“Per-student funding increased more than $3,000 over the last five years due mostly to increases in government contributions and student fees well above the rate of inflation. Students wanted to know how much went to improving the quality of their learning experience,” said Sean Madden, President of the Ontario Undergraduate Student Alliance (OUSA). 

Good question, Sean. The report notes:

More than 70 per cent of the increase in funding from 2004-05 went to salary, pension and benefit costs largely for existing full-time academic faculty and administrators, as well as increased use of part-time instructors.

Paul (2011, p. 143) notes: ‘the continuing trend to higher faculty salaries and flat university funding is just not sustainable over the longer term’. Basically students (and taxpayers) are having to pay more for less.

There is now a pressing moral obligation on universities to improve quality and/or reduce costs by doing things differently – how about training in teaching for a start?

Ontario students’ vision for the Ontario Online Institute

Ontario Undergraduate Student Alliance (2010) The Ontario Online Institute: Students’ Vision for Opening Ontario’s Classrooms Toronto ON: OUSA

OUSA have produced a superb document outlining their position regarding the proposed Ontario Online Institute. While strongly supporting the concept, OUSA raises a whole set of key issues that need to be addressed if the new Institute is to be successful. They also recommend a consortium model based on that used by Open Universities Australia. As well as identifying many of the issues that the Ontario government will have to address, such as quality assurance, credit transfer, student learning and advisory support, 24/7 services, student aid, the report also gives the best overview I have seen of the current state of online learning in Ontario, Canada’s largest province by population (13 million).


The consortium model is primarily a challenge to both the government, to put in place a governance structure and funding that will require existing universities to work together in a coherent and meaningful way, and to the Ontario universities themselves, who in the past have talked collaboration but in practice have done little. For instance, it is much more difficult to transfer credits between institutions in Ontario than almost anywhere else in Canada. Without agreement to accept automatically course credits from partner universities, any consortium model is doomed to failure.

The governance of the Institute will require detailed agreements about revenue sharing, program planning, quality assurance and student support that will require partner universities to yield much more autonomy to the Institute than any Ontario university has shown the stomach for in the past. I do hope the universities – or at least enough to make a workable consortium – will step up to the plate, because Ontario needs the increased flexibility and access such an Institute will bring if it is to have a hope of achieving its goal of 70% access to post-secondary education.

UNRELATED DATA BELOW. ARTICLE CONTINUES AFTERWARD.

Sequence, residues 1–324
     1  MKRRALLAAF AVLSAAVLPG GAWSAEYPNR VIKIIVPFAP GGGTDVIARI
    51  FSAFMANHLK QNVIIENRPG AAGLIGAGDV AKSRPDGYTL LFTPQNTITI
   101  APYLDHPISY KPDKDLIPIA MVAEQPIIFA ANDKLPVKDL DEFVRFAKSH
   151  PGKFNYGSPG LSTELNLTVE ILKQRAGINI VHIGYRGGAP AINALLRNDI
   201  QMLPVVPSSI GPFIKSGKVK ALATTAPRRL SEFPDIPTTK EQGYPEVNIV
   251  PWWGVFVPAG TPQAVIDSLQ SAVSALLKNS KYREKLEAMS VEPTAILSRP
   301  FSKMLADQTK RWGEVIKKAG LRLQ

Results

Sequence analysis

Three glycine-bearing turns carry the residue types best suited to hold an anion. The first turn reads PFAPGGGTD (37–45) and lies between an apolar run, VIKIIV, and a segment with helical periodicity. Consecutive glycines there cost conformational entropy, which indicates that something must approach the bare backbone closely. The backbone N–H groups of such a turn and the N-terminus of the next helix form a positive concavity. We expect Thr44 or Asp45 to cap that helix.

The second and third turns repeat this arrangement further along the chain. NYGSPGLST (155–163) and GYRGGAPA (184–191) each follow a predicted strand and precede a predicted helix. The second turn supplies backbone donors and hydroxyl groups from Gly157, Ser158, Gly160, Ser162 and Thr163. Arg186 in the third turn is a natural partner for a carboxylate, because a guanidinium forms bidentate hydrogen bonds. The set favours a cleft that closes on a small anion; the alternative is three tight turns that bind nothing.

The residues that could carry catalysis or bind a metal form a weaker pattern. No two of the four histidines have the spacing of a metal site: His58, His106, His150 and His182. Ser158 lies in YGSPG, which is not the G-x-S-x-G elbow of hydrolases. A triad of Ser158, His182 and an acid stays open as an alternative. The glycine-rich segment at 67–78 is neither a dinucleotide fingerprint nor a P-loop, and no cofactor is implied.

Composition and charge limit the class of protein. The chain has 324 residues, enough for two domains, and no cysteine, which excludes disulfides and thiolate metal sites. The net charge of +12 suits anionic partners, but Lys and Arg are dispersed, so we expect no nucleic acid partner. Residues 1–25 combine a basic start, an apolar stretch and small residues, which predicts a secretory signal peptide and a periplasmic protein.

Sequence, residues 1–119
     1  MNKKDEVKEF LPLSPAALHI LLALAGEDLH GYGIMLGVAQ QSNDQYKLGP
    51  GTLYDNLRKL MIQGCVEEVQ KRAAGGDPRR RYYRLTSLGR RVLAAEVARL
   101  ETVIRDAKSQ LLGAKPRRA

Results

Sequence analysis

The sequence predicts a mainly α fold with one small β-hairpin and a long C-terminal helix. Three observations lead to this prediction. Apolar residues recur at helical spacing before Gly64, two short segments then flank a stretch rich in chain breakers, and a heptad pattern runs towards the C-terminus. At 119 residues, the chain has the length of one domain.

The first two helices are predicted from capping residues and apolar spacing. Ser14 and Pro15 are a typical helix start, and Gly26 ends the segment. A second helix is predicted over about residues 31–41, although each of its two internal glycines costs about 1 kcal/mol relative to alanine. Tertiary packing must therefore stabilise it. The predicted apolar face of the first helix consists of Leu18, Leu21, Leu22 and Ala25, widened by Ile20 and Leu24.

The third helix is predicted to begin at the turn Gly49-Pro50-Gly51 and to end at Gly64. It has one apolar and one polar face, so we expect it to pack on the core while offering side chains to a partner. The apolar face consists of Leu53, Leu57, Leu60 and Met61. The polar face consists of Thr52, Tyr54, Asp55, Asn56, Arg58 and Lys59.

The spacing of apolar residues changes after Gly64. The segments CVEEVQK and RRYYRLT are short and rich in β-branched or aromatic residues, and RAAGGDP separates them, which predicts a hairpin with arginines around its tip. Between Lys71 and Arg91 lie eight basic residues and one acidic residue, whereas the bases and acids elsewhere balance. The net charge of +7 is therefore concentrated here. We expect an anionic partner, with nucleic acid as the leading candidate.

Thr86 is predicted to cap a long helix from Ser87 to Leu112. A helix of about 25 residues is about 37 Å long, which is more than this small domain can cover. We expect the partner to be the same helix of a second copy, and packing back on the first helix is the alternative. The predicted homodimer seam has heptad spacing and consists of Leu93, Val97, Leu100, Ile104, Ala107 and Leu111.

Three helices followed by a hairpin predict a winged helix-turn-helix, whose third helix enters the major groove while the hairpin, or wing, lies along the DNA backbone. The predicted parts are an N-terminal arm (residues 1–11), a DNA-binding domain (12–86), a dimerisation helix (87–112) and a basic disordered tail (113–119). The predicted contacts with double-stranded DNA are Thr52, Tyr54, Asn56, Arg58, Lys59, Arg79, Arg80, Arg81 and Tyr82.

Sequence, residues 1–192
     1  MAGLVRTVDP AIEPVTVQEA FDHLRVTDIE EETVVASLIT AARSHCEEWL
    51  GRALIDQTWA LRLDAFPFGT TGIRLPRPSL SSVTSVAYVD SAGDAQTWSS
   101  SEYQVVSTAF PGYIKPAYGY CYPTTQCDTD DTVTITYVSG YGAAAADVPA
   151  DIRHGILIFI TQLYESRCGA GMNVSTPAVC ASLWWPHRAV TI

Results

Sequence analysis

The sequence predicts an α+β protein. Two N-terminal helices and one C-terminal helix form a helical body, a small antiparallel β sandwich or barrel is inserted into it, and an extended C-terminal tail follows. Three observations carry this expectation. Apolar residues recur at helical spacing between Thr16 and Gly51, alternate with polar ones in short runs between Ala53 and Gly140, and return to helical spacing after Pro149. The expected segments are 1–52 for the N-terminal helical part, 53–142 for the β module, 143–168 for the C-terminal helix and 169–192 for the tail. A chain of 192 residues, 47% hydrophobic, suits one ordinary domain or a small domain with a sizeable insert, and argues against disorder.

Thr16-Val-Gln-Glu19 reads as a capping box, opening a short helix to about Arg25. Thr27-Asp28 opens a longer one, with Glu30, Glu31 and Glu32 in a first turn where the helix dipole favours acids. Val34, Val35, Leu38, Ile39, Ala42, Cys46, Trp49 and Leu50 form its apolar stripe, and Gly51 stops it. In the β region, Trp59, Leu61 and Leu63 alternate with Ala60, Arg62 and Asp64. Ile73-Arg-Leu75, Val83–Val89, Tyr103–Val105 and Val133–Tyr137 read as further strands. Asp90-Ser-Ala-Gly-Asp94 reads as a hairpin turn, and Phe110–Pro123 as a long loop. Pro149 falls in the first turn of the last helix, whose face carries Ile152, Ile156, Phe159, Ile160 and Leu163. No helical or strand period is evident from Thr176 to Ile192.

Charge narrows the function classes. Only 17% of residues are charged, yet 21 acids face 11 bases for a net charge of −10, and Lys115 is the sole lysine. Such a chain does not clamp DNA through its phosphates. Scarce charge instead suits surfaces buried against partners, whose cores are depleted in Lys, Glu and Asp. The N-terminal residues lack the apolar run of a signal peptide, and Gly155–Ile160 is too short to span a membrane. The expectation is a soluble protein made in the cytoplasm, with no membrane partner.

Lastly, the OUSA document makes a very important point:

it is important to note that many aspects of the Institute will depend heavily on the initial design, and many of the solutions presented in the following pages will only be achievable if a heavily integrated consortium model, such as the one employed by the OUA, is selected for the Institute….students wish to highlight that the Institute will have significant long-term effects on the post- secondary sector in Ontario, and that all stakeholders and partners deserve an opportunity to provide input into this process. With only a vague notion of what the Institute is meant to do, students have found it difficult to participate in these deliberations and are concerned with how little information is available months after the initial announcement. Moving forward, students urge the government to facilitate real input from all stakeholders.

I do anticipate that the Ontario provincial government will make an announcement early in the fall, as there is an election due on October 6, 2011, and the government will want to have something in place by then. However, this is a very short timetable for establishing what will be a major new development in online learning. Achieving the right balance between consultation and action will perhaps be the biggest challenge for the government.

In the meantime, congratulations to OUSA who have produced by far the most substantial public input to this process to date.